Otomian-Mixtecan-Zapotecan Languages

Otomian-Mixtecan-Zapotecan Languages


(also Otomanguean languages), an Indian language family of Mexico, having approximately 1 million speakers (1970, estimate). The American scholar R. Longacre divides the Otomian-Mixtecan-Zapotecan languages into seven groups that include the following languages: (1) Otomi, Mazahua, Pame, Chichimec Jonaz, Matlatzinca, Ocuiltec; (2) Popoloca, Ixcatec, Chocho, Mazatec; (3) Mixtee, Cuicatec, Trique; (4) Amusgo; (5) Mangue (in Central America) and Chiapanec, both of which became extinct in the 19th century; (6) Zapotec; and (7) Chinantec.

The Otomian-Mixtecan-Zapotecan languages are polysynthetic and are characterized by prenasalized and labiovelar consonants, tonal distinctions, and classifying prefixes. The postposition of the noun-expressed attribute is an almost unique feature for American Indian languages. Phonetic and lexical elements of the Otomian-Mixtecan-Zapotecan languages were reconstructed by American linguists in the 1950’s and 1960’s.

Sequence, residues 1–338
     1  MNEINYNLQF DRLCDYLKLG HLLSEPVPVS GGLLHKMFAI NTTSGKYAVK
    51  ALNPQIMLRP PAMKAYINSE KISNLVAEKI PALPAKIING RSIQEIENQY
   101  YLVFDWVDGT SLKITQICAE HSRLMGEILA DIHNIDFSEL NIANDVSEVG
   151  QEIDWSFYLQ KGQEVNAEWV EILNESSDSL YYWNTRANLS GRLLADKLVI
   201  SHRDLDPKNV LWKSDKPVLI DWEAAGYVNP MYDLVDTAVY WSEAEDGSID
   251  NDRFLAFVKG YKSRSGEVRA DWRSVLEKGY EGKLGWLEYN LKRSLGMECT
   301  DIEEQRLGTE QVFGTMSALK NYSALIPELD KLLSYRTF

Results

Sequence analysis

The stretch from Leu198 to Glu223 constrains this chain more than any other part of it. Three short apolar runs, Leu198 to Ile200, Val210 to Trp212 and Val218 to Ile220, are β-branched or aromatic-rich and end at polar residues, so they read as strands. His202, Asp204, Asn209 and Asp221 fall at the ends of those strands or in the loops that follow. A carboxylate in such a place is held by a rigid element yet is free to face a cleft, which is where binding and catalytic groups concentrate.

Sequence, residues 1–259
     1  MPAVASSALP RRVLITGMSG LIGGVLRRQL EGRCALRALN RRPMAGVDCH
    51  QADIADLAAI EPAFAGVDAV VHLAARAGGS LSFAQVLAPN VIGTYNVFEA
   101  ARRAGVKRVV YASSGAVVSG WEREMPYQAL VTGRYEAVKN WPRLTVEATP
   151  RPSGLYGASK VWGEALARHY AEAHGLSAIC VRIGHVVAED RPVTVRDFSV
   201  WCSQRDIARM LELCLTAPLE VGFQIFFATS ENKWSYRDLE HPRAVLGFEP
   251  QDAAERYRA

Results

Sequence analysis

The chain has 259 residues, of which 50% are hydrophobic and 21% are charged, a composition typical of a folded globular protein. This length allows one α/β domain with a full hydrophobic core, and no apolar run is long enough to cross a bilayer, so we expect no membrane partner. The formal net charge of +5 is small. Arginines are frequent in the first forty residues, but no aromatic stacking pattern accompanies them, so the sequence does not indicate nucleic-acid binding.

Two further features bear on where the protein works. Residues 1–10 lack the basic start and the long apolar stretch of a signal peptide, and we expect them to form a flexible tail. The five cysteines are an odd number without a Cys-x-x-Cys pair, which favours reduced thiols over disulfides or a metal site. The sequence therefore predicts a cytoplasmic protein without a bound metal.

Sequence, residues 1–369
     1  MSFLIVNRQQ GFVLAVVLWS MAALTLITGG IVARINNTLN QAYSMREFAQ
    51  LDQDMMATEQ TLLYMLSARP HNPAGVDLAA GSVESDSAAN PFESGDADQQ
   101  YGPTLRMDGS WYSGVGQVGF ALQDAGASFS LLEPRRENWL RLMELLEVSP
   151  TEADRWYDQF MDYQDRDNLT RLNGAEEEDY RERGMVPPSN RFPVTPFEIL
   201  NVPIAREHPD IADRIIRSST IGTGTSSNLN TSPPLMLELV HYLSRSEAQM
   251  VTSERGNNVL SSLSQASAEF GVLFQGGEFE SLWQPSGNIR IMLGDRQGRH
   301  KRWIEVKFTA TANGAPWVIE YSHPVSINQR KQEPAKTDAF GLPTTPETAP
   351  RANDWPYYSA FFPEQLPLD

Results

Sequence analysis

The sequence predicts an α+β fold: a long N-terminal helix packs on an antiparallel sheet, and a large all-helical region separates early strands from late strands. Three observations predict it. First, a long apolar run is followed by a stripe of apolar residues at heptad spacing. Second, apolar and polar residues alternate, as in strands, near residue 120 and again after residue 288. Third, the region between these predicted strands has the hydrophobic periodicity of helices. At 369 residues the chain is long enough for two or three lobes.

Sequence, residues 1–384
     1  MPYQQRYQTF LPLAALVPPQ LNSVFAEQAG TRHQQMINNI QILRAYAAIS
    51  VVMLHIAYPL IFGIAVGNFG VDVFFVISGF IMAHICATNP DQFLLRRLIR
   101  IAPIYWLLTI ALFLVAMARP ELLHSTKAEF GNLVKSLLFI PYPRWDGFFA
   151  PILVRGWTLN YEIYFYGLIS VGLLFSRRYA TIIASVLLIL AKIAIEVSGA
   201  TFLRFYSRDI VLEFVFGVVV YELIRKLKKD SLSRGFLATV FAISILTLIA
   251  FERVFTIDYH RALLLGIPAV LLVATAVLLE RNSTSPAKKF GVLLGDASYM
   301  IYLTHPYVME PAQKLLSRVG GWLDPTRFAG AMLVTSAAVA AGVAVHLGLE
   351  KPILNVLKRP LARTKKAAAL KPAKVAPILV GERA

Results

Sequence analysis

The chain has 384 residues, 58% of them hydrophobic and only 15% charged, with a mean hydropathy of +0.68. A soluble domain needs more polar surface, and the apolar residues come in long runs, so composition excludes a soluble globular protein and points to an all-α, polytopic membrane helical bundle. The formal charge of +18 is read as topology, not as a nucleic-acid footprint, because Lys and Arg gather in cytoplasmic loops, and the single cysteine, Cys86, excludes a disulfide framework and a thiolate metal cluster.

Rivet, P., G. Stresser-Péan, and Č. Loukotka. “Langues de l’Amérique.” In Les Langues du Monde. Paris, 1952.
Swadesh, M. “The Oto-Manguean Hypothesis and Macro-Mixtecan.” International Journal of American Linguistics, 1960, vol. 26, no. 2.
Longacre, R. E. “Progress in Otomanguean Reconstruction.” In the collection Proceedings of the 9th International Congress of Linguists. The Hague, 1964.